Muslims refrain from eating or drinking from dawn to dusk for 29 or 30 days during Ramadan, which means Muslims fast for a mean period of 12 to 14 hours during the day, consume one large meal after dusk, and a lighter meal before dawn. The quality and standard of foods eaten and eating patterns are changed considerably. Alterations in eating modes and infrequent meal schedules during Ramadan may cause reduced food intake and may affect important enzymatic and metabolic responses and different aspects of human health.
During fasting hours when no food or drink is consumed, the body uses its stored carbohydrates (within the liver and muscles) and fat to supply energy once all the calories from the foods eaten during the night is consumed. The kidneys play a role in conserving the maximum amount of water as possible by reducing the amount lost in urination. However, the body cannot avoid losing water while urination, either through your skin, or through breathing and sweating if it’s warm. It depends on the weather conditions and the duration of the fast.
Most of the people who fast during Ramadan will experience mild dehydration, which can led to headaches, tiredness and difficulty in concentrating. Several scientific studies have suggested that fasting isn’t harmful to health, as long as enough fluids are consumed after breaking the fast to recharge the essential minerals and nutrients lost during the day. However, if you’re unable to stand up or feel dizziness, or any sort of disorientation, you ought to immediately drink water after mild intervals, ideally with sugar and salt. For those having regular consumption of caffeinated drinks like coffee and tea during the day, the shortage of caffeine during the fast may initially cause headaches and tiredness but will ease over the course of Ramadan due to adaptation of body to adjust without caffeine while fasting.
Once the fast is broken, the body is rehydrated and gains energy from the foods and drinks consumed during iftaar. Drinking plenty of fluids and consuming fluid-rich foods, like fruits, green leafy vegetables, yogurt, dahi & nutrient rich soups is vital to make up fluids lost during the day and to start the subsequent day of fasting well hydrated.
Salt stimulates thirst, so it is recommended to avoid consuming salty foods. The pre-dawn meal, suhoor, provides fluids and energy for the day of fasting ahead, so making healthy choices can serve to cope better with the fast. While iftaar meals are more than a celebration as per traditional Arab culture, with families and friends coming together to break their fasts, it’s important to not go beyond limits when eating during every meal of Ramadan. Avoid consuming tons of deep fried foods, creamy and sweet foods that may cause you to put on excess weight. Instead, Ramadan can be an opportunity to those who want to utilise it in efficient way and can be helpful to enhance the balance of your diet.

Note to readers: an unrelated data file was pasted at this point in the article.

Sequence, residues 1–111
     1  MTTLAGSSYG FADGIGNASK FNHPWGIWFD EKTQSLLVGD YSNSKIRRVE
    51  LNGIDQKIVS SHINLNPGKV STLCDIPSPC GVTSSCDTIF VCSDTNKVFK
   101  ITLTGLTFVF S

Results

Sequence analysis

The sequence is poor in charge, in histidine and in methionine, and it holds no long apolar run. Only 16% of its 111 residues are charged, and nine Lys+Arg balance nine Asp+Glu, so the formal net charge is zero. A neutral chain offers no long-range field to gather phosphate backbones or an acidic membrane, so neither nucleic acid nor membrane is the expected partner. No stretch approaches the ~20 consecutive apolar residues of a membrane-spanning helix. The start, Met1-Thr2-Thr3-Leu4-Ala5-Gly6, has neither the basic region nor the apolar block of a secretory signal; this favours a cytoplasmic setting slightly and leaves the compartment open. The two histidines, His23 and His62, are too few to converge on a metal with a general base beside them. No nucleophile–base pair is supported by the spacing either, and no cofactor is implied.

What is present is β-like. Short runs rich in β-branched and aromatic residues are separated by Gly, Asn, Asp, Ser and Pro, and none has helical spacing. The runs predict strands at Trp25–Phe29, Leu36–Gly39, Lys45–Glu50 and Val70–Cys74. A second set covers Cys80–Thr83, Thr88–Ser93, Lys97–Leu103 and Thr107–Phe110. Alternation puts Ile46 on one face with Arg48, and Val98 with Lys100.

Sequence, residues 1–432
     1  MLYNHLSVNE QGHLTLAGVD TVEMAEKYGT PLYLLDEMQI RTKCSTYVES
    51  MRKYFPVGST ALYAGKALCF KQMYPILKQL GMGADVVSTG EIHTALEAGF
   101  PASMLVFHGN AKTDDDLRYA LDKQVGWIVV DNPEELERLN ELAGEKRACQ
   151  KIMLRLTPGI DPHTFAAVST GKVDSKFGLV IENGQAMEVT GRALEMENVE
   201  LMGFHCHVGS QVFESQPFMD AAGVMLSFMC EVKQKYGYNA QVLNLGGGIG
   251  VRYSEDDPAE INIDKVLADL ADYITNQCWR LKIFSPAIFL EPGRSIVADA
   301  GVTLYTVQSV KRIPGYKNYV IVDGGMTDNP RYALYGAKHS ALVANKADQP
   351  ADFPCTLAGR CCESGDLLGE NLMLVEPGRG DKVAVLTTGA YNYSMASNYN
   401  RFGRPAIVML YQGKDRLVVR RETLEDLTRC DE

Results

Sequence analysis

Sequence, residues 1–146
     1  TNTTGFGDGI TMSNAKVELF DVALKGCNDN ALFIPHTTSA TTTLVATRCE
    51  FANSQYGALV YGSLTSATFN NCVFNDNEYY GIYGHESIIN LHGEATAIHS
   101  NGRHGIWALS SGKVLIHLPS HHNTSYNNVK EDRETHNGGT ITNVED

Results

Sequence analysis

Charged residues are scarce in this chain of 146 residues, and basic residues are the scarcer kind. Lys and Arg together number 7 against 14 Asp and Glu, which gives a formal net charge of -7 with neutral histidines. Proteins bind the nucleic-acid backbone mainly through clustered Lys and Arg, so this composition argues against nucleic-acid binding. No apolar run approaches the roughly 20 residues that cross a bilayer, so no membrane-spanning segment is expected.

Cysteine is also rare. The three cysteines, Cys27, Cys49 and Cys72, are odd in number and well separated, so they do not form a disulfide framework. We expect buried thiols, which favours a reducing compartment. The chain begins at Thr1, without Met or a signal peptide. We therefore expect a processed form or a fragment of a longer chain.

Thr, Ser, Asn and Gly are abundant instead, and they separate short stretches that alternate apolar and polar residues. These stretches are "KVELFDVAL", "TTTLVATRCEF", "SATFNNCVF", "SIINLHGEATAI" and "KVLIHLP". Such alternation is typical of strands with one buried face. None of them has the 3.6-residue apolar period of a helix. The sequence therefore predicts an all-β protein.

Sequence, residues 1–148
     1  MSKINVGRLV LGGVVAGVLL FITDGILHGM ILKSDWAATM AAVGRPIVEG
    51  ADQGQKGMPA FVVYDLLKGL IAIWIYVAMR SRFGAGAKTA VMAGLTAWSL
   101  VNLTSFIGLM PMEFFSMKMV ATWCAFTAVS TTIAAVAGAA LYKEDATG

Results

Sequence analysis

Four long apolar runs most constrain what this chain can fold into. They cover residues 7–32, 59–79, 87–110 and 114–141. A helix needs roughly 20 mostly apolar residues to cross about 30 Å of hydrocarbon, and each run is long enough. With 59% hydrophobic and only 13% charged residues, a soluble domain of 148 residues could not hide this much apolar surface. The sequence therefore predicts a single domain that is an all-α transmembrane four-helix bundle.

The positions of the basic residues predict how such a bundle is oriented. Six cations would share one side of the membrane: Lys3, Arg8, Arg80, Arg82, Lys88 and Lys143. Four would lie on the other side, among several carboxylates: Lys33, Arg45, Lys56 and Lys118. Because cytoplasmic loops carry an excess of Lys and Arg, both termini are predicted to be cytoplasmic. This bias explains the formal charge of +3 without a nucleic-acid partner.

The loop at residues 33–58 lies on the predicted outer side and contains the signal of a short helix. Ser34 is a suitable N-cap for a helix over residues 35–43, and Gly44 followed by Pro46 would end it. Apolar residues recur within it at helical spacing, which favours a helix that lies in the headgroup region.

The changes in eating habits and lack of fluids during the day may cause constipation in some people. Remedy for the same can be consuming several high-fiber foods, such as whole grains, cereals, bran, fruits and vegetables, beans, lentils, nuts alongside fluids that may help to ease constipation. Also, light physical activity, like going for a walk after iftaar, can be also helpful.
Is fasting good for health?
The health effects of Ramadan fasting are mixed, probably because the length of the fast and the weather experienced may vary depending on the place where the fast is being observed. Some studies have found that overweight or obese people reduce body fat during Ramadan. Some small studies have found an effect of Ramadan fasting on factors like blood cholesterol and triglycerides (fat within the blood) and seen short-term improvement in some cases, although some studies found no effect. There have also been some small studies that suggest that Ramadan fasting may have a short-term beneficial effect on the immune system. In both cases, the results of studies are found to be mixed and further research is needed.
What to eat and drink at iftaar and suhoor:
Iftaar – When breaking the fast, take plenty of fluids, low-fat fluid-rich foods and fruits/vegetables containing some natural sugars for energy (avoid consuming tons of foods or drinks with added sugars).
Drinks – Water, milk, fruit juices or natural smoothies without creams. Water provides hydration with no calories or added sugars. Milk-based drinks and fruits can provide some natural sugars and nutrients and also improve the fasting ability but avoid drinks with added sugars after breaking the fast as these can provide an excessive amount of sugars and calories.